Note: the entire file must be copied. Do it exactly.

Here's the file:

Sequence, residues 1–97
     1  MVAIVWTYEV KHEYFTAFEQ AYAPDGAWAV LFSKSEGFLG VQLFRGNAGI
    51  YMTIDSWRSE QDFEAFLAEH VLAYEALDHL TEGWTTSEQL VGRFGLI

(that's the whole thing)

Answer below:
Sequence, residues 1–97
     1  MVAIVWTYEV KHEYFTAFEQ AYAPDGAWAV LFSKSEGFLG VQLFRGNAGI
    51  YMTIDSWRSE QDFEAFLAEH VLAYEALDHL TEGWTTSEQL VGRFGLI